Lest We Forget


Happy Remembrance Day, all.

In Flanders Fields the poppies blow
Between the crosses row on row,
That mark our place; and in the sky
The larks, still bravely singing, fly
Scarce heard amid the guns below.

We are the Dead. Short days ago
We lived, felt dawn, saw sunset glow,
Loved and were loved, and now we lie
In Flanders fields.

Take up our quarrel with the foe:
To you from failing hands we throw
The torch; be yours to hold it high.
If ye break faith with us who die
We shall not sleep, though poppies grow
In Flanders fields.


  1. Thanks for this, Steve.

    A favorite musical setting of this text (go to: [http://www.youtube.com/watch?v=CVEozjQDMM0]).

  2. Thanks. I read my copy of the poem to my son over breakfast this morning. I live in the U.S. now, but still wear my poppy on this day. I don’t get many comments about it, but I wonder if people realize why I’m wearing it.

  3. Our school held a service at 11am. There is a picture on the wall of the school in 1913. There are around 100 boys, a third of which lost their lives including the headmaster’s son. In the First World War at least, the lie rang loud and true: dulce et decorum est pro patria mori.

  4. Makes me want to dust off my BritLit anthology and read some Wilfred Owen.

  5. (referring to RJH’s dulce et decorum est reference, not the McRae poem in the OP)

  6. McCrae’s “In Flanders Fields” remains to this day one of the most memorable war poems ever written. It is a lasting legacy of the terrible battle in the Ypres salient in the spring of 1915. Here is the story of the making of that poem:
    Although he had been a doctor for years and had served in the South African War, it was impossible to get used to the suffering, the screams, and the blood here, and Major John McCrae had seen and heard enough in his dressing station to last him a lifetime.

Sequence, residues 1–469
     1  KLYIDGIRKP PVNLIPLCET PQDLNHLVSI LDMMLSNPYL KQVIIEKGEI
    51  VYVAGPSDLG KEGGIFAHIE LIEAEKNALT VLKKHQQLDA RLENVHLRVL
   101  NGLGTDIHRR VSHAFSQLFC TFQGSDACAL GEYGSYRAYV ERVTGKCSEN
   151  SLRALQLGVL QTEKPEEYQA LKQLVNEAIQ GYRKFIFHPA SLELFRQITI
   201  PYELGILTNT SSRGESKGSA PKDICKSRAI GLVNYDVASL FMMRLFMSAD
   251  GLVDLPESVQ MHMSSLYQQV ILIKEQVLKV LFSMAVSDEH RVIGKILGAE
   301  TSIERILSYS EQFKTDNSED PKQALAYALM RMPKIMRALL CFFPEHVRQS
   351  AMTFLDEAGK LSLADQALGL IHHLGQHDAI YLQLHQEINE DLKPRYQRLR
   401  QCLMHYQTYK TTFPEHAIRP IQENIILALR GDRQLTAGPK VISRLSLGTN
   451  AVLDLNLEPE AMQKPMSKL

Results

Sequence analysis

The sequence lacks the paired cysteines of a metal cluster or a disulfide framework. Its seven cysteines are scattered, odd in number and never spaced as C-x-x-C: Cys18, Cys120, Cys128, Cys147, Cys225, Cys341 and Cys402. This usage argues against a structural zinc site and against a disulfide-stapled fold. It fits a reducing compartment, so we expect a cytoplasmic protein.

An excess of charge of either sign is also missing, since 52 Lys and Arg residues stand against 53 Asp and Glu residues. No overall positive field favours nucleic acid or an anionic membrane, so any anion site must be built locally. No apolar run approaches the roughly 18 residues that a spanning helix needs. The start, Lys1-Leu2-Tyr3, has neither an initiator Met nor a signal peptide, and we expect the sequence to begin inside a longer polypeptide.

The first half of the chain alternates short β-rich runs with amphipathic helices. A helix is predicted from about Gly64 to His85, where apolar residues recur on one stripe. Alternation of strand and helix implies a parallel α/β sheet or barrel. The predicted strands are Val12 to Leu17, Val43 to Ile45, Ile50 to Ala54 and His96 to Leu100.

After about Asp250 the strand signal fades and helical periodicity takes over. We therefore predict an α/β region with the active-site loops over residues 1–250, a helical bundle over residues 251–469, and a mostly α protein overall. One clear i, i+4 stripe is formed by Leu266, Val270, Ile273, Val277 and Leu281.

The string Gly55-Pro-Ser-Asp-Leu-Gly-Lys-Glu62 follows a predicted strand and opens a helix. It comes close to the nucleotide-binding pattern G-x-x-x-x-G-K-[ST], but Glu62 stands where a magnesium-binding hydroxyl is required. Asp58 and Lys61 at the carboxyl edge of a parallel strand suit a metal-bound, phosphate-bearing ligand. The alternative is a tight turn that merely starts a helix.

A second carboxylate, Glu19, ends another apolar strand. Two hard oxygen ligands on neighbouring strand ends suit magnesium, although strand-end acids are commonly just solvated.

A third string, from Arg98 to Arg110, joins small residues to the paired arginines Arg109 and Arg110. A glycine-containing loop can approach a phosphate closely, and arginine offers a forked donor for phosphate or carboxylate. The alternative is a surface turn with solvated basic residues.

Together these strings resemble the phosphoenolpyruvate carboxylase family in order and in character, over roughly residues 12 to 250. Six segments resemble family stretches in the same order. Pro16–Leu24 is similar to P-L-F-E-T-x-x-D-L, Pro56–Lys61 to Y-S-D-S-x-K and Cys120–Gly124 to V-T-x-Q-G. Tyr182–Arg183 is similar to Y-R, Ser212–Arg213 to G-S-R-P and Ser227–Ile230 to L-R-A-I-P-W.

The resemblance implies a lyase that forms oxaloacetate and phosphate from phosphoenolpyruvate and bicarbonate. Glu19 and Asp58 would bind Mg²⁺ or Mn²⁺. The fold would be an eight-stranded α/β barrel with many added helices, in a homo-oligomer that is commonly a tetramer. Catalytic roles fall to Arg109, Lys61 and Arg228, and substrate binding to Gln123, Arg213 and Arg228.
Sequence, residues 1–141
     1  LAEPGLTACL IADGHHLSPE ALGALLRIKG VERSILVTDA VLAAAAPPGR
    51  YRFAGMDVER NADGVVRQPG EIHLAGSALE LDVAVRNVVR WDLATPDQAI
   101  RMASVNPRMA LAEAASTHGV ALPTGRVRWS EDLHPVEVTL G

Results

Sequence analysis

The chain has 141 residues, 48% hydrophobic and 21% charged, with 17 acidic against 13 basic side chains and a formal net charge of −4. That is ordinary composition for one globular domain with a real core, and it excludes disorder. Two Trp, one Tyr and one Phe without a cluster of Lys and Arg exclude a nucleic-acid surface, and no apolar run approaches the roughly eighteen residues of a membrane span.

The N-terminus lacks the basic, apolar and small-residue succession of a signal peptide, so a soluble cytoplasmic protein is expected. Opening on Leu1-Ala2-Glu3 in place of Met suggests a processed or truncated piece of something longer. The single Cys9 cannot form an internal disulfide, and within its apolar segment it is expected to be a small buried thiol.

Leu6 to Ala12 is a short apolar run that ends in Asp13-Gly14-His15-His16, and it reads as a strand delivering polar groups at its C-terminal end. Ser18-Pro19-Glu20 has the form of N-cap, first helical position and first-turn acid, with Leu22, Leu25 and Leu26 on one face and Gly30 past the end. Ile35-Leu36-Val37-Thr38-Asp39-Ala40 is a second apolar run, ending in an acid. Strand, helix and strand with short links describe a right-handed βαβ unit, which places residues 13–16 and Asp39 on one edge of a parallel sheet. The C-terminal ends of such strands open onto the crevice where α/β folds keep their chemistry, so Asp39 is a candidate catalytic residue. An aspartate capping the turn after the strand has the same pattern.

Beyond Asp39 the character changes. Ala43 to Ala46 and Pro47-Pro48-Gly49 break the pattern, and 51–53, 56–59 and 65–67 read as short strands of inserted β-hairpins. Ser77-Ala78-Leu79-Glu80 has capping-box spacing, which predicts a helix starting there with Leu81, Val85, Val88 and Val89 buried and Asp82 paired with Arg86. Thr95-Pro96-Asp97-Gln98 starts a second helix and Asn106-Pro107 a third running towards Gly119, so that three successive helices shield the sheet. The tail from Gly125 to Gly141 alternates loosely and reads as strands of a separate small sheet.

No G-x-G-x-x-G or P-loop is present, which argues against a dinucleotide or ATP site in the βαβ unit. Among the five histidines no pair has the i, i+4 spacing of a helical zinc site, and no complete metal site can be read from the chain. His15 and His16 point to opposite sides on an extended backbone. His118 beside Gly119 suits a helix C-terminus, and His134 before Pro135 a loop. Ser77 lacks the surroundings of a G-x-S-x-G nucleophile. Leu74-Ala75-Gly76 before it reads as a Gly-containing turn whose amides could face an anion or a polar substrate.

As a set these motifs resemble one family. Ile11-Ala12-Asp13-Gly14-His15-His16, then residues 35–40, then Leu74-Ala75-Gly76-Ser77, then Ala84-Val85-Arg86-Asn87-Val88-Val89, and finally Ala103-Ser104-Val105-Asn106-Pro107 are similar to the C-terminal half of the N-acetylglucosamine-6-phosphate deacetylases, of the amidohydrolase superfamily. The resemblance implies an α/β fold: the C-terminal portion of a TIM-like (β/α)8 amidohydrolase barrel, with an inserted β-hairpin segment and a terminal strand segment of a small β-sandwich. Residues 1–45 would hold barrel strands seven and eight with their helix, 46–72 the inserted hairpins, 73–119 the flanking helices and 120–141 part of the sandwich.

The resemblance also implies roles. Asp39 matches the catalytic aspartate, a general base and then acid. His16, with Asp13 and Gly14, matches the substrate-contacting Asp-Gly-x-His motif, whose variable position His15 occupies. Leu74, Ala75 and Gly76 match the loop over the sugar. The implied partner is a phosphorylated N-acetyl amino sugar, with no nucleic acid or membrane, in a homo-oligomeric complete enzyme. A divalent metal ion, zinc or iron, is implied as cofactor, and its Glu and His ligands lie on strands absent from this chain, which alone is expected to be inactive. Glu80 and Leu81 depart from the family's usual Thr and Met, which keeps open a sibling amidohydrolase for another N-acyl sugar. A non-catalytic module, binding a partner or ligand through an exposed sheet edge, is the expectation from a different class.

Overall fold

As a surgeon attached to the 1st Field Artillery Brigade, Major McCrae, who had joined the McGill faculty in 1900 after graduating from the University of Toronto, had spent seventeen days treating injured men — Canadians, British, Indians, French, and Germans — in the Ypres salient.

    It had been an ordeal that he had hardly thought possible. McCrae later wrote of it:

    “I wish I could embody on paper some of the varied sensations of that seventeen days… Seventeen days of Hades! At the end of the first day if anyone had told us we had to spend seventeen days there, we would have folded our hands and said it could not have been done.”

    One death particularly affected McCrae. A young friend and former student, Lieut. Alexis Helmer of Ottawa, had been killed by a shell burst on 2 May 1915. Lieutenant Helmer was buried later that day in the little cemetery outside McCrae’s dressing station, and McCrae had performed the funeral ceremony in the absence of the chaplain.

    The next day, sitting on the back of an ambulance parked near the dressing station beside the Canal de l’Yser, just a few hundred yards north of Ypres, McCrae vented his anguish by composing a poem. The major was no stranger to writing, having authored several medical texts besides dabbling in poetry.